SOUTH PORTLAND — New zoning proposed by the Planning and Development Department could encourage the use of solar power across the city.
The Planning Board unanimously recommended the solar zoning amendments Tuesday night that would allow roof-mounted or ground-mounted solar panel systems in virtually all city zones, including residential.
Small-scale solar systems that generate 20 kW of power or less and meet other standards outlined in the ordinance would be “permitted anywhere,” Planning and Development Director Tex Haeuser said at the April 12 meeting.
In mixed-use, commercial and industrial districts, larger-scale systems would be acceptable, subject to permitting required for installation.
Planning Board member Taylor Neff called the city’s solar zoning amendments “needed and much appreciated.”
The City Council will review the board’s recommendation in a workshop scheduled for Monday, May 9.
The city’s biggest proposed solar project to date is a joint venture with Portland to build a $2.6 million solar farm on the city’s capped landfill, off Highland Avenue.
The project would generate 1.2 million kWh of energy each year, and would offset about 12 percent of municipal and school energy consumption, Sustainability Coordinator Julie Rosenbach said in a March workshop.
Steve Hinchman, director of financing for ReVision Energy, told councilors at the workshop that solar power generated would offset the city’s carbon dioxide emissions by more than 1.3 million pounds, or 655 tons per year.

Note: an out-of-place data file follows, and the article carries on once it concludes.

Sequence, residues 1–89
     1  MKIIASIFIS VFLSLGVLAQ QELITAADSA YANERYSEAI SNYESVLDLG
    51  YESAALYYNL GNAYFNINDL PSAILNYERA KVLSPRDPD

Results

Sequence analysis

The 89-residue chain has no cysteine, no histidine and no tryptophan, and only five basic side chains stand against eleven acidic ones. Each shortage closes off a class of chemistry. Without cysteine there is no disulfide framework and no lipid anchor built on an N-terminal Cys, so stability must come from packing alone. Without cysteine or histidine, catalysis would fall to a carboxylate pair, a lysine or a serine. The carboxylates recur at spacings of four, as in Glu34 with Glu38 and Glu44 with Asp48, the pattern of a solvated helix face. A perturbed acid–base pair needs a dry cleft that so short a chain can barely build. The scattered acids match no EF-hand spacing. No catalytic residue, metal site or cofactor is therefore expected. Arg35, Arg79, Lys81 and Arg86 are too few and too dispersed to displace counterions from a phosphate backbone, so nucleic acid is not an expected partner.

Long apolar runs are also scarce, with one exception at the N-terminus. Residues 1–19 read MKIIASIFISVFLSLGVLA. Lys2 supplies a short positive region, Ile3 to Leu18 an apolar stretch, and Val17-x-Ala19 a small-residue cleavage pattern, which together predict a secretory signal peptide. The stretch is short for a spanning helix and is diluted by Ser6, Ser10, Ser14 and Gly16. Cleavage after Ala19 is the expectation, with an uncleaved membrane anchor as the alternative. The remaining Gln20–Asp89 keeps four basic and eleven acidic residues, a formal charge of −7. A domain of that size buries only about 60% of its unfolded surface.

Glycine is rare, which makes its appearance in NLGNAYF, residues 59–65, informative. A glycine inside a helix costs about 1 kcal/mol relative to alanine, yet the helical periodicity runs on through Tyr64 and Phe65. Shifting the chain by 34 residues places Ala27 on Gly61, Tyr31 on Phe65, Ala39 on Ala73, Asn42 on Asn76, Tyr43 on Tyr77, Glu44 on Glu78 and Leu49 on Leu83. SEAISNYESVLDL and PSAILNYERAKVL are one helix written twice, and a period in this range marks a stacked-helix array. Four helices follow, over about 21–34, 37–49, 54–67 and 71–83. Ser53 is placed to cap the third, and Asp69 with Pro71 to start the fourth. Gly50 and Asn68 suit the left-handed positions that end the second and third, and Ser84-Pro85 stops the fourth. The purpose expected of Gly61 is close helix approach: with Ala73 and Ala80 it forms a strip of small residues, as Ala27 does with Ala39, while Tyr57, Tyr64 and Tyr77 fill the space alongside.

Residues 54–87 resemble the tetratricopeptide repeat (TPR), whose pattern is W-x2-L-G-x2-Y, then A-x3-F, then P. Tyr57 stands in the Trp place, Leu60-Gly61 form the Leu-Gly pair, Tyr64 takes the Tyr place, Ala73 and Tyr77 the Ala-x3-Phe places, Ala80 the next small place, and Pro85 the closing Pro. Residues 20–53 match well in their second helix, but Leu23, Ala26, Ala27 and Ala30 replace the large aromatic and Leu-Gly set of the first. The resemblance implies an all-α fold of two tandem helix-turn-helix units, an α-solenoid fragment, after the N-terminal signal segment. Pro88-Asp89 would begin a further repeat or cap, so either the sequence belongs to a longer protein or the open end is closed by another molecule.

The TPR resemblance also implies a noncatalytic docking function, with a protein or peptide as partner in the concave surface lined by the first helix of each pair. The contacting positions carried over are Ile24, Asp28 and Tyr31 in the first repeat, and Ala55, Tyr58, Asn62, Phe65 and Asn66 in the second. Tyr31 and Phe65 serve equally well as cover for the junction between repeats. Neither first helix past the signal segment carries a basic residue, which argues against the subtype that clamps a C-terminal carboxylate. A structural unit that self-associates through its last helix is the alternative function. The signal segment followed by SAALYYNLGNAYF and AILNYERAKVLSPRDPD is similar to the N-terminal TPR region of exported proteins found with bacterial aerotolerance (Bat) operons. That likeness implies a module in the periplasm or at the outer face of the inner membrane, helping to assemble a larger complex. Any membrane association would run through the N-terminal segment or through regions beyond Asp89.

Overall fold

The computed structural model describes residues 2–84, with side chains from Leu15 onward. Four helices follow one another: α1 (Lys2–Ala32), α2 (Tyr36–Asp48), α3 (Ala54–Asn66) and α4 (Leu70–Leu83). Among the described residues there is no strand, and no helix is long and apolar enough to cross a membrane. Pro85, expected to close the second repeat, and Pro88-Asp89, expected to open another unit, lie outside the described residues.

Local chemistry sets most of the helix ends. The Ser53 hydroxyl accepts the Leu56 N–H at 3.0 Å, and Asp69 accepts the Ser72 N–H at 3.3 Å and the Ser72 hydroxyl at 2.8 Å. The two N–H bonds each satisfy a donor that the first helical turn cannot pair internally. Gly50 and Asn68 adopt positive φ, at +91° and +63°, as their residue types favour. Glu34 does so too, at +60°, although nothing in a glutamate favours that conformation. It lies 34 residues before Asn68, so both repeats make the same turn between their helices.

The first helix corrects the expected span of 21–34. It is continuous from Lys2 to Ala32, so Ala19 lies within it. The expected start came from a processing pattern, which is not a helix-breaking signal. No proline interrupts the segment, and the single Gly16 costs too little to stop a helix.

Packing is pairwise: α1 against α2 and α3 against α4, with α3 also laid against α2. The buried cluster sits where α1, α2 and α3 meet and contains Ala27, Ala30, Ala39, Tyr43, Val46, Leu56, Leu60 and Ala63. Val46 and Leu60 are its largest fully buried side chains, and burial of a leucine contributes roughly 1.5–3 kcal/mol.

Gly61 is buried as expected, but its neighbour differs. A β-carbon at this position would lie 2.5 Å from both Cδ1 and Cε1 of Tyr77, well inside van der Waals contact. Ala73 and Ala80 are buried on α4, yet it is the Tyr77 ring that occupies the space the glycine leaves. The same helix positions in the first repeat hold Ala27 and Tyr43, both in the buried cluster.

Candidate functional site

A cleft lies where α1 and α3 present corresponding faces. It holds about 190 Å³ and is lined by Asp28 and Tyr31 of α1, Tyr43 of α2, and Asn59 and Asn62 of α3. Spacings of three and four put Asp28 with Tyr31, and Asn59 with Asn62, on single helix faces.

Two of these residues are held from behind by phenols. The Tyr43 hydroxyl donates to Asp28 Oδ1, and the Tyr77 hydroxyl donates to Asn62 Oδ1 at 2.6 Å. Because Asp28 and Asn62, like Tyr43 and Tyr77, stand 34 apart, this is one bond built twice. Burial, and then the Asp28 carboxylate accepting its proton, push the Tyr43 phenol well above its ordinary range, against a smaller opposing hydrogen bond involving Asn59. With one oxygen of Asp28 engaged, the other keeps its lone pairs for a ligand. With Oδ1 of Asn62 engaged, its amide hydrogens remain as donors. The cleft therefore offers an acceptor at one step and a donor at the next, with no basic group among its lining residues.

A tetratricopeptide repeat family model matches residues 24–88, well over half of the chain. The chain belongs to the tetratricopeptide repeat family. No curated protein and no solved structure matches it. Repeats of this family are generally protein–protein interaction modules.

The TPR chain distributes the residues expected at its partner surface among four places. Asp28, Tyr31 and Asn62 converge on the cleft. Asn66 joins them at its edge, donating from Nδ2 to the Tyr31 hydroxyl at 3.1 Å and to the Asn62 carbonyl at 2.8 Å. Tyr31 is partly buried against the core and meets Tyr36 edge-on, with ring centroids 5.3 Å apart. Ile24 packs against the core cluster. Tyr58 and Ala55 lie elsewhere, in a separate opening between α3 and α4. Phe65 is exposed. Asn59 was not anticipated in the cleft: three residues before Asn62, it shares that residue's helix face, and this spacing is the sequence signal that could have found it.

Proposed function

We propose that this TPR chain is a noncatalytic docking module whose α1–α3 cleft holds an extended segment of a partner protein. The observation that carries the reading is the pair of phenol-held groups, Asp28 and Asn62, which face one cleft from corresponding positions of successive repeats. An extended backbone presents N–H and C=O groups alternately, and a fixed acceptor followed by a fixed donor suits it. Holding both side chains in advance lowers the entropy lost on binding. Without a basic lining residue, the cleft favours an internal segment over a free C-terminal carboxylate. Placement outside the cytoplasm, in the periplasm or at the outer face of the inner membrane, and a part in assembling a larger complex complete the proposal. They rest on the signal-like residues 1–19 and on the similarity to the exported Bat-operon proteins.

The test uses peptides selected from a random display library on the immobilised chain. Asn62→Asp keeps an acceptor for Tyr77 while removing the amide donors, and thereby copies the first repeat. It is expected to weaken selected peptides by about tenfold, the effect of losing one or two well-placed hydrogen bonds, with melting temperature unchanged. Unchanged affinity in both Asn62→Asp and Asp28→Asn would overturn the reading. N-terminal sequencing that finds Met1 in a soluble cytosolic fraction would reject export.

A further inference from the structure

The installation of solar panels would no longer require Planning Board approval. In general, the new amendments would create fewer hoops to jump through and the process would be streamlined, Community Planner Steve Puleo said Tuesday.
Building standards would still apply. In residential zones, for example, roof-mounted solar power systems could not exceed the allowed height of the building.
The use of solar arrays and panels in specific zones are now listed as “special exceptions,” which means applicants are required to explain why solar panels wouldn’t create an excessive impact.
By including solar power in allowed uses, applicants “wouldn’t have the additional hurdle of demonstrating that they’re not creating impacts above and beyond the average (impact),” Haeuser said.
South Portland is one of several cities across the state advocating for increased accessibility to solar power. In a recent op-ed sent to several southern Maine news outlets, City Manager Jim Gailey encouraged the adoption of LD 1649, a bill now before the Legislature, that would “modernize” the state’s solar power policy and boost economic development.
Gailey called the bill “a new and creative way to bring reduced electricity costs to all ratepayers and help municipalities invest in sustainable, low-cost energy to benefit all residents.”
“South Portland is deeply committed to renewable energy solutions, and we are seeking a way to meet some of our energy needs with solar,” Gailey wrote.
“If, as a state, we want to have any chance of catching up with the solar job creation that other New England states are enjoying, and if we want to see solar panels on top of shopping centers and factories as well as homes,” he said, “we all need to support LD 1649 and demand that the Legislature enact this balanced solar policy.”